Absorbing, compelling true story

SAVAGE HARVEST<br>A Tale of Cannibals, Colonialism and Michael Rockefeller's Tragic Quest for Primitive Art<br><b>Carl Hoffman</b><br><i>Text Publishing</i>
SAVAGE HARVEST<br>A Tale of Cannibals, Colonialism and Michael Rockefeller's Tragic Quest for Primitive Art<br><b>Carl Hoffman</b><br><i>Text Publishing</i>
This is one of the most fascinating reads in recent times; a more-than-50-year-old celebrity cold case revisited in the 21st century.

It could be a blockbuster movie synopsis: the son of one of the world's most wealthy and powerful families disappears on a remote island of headhunters and cannibals, sparking worldwide clamour, to become shrouded in decades of mystery. Except it is true.

In November 1961, Michael Rockefeller, of the New York Rockefeller dynasty, is in New Guinea collecting the primitive art of the indigenous warrior Asmat people.

When his small craft is wrecked at sea, he leaves his companion and swims toward the mangroves and jungles, never to be seen again, at least by any searchers.

Author Carl Hoffman does the hard yards revisiting the remote riverside villages of the primitive Asmats to unravel the lingering mystery, which at the time took up the front pages of the world's leading newspapers for months.

This is the third book by Hoffman, a former journalist and travel writer, who visits New Guinea repeatedly, unravelling the generational threads which bind the story.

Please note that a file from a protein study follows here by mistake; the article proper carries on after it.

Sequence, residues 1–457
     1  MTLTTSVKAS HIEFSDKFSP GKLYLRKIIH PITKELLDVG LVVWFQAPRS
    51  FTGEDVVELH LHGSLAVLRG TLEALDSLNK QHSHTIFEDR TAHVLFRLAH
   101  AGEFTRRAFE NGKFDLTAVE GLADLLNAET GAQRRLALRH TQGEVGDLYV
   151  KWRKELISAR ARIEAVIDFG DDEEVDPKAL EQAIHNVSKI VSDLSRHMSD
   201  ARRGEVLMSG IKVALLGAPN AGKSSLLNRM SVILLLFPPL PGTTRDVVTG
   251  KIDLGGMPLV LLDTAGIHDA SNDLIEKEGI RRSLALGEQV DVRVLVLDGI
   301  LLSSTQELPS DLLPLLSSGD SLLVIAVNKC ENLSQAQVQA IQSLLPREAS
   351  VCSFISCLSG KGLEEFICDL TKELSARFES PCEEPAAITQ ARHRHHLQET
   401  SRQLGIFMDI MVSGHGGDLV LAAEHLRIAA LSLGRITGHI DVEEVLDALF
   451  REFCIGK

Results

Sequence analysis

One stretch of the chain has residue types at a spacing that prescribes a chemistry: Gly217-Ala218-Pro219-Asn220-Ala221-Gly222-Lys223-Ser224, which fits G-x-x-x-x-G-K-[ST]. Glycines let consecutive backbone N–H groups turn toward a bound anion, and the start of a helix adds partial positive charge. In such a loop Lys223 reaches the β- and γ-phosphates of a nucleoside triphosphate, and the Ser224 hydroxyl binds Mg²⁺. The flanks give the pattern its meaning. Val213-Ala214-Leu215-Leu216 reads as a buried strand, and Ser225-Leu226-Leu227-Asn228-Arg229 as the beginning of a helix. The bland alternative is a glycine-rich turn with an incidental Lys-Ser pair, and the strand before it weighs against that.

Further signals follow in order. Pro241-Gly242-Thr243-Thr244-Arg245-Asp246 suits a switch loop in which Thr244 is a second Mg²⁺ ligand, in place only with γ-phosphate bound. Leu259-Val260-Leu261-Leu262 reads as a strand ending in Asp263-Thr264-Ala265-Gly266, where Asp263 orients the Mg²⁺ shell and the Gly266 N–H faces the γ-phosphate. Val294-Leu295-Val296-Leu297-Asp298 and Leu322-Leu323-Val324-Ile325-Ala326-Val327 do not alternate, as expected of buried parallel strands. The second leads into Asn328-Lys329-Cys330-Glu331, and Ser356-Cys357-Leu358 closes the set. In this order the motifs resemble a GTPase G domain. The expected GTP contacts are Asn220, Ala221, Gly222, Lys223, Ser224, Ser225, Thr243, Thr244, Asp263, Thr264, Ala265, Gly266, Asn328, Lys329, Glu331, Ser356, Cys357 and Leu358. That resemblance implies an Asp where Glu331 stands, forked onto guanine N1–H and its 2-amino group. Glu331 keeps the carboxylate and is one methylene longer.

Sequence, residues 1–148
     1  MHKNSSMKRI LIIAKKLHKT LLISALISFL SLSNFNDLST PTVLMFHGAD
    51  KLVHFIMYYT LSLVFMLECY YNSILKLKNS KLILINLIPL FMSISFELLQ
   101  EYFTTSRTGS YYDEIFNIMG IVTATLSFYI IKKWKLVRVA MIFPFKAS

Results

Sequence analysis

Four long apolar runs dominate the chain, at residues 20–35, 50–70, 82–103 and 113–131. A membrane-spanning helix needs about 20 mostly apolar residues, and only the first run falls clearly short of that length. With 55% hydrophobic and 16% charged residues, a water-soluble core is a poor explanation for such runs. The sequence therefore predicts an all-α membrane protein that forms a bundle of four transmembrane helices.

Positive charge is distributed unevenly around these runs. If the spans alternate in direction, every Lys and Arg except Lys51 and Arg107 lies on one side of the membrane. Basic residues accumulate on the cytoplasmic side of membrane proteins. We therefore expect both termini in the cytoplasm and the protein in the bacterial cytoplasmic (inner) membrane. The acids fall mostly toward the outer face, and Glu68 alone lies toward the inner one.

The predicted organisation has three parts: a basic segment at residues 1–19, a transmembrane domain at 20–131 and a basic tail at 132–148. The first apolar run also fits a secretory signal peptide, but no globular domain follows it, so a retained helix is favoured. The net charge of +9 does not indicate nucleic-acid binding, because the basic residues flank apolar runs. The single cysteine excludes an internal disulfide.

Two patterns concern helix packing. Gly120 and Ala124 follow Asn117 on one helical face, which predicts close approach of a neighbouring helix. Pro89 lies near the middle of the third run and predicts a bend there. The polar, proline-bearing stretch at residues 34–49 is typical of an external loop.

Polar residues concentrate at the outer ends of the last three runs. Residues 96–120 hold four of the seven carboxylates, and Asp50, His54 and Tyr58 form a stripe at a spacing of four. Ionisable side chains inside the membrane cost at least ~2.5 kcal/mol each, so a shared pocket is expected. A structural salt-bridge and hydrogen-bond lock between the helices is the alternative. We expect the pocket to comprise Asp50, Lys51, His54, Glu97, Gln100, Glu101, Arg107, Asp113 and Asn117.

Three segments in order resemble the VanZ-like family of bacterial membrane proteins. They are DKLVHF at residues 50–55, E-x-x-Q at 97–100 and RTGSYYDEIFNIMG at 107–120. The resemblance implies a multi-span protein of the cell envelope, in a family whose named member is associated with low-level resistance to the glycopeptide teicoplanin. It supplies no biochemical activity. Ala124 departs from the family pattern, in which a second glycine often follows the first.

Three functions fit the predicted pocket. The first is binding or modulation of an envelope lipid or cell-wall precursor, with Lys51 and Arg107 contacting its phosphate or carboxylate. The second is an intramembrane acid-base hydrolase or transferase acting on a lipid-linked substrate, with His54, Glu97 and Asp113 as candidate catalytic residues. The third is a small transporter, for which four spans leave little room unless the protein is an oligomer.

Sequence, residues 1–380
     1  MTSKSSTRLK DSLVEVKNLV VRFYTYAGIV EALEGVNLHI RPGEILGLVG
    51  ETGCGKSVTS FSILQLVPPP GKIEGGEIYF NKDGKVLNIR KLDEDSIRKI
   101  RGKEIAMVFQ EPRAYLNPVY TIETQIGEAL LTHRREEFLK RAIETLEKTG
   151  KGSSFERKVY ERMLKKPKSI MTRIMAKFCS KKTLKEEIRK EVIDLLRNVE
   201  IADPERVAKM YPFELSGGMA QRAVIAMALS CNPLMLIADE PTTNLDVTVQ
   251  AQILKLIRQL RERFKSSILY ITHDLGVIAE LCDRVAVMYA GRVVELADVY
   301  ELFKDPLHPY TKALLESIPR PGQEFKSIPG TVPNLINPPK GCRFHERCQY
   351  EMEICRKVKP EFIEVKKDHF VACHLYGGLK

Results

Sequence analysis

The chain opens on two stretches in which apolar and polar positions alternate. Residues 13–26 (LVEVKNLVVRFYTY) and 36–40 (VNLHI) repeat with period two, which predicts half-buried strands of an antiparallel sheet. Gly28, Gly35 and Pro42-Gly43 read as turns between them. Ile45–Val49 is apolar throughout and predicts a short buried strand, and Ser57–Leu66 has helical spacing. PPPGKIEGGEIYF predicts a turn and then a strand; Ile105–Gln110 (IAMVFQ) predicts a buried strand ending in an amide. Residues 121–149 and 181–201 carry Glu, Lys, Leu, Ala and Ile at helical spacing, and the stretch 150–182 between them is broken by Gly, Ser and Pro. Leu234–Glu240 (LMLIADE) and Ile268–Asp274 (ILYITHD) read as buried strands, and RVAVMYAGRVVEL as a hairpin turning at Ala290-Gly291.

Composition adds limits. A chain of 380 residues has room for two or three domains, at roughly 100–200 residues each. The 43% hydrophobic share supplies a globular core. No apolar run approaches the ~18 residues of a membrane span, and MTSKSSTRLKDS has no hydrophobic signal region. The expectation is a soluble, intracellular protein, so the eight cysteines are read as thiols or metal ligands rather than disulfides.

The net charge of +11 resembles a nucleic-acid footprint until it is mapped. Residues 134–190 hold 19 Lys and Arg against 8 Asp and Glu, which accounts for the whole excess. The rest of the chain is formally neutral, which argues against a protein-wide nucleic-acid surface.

While cold-case crimes are fashionably solved by DNA, Google Earth and data cross-referencing, Hoffman's journey replicates Rockefeller's, a descent into a primal cannibal culture with no written language, where fact lies somewhere in a haze of fiction and tribal myth.

Hoffman notes: ''Here was the heir to one of the largest fortunes on earth plundering sacred objects for pennies - the most privileged person on earth dabbling in the world of the most marginalised, the lowest of the low on the totem pole, so to speak''.

Fluid and riveting, some content could shock, but facts, photos, new documents and interviews just two years ago bind the five-decade-old mystery. While the reader will ultimately decide if the plaudits that Hoffman ''uncovers startling new evidence'' are merited, it is an absorbing and compelling read.

- Simon Hartley is ODT senior business reporter.

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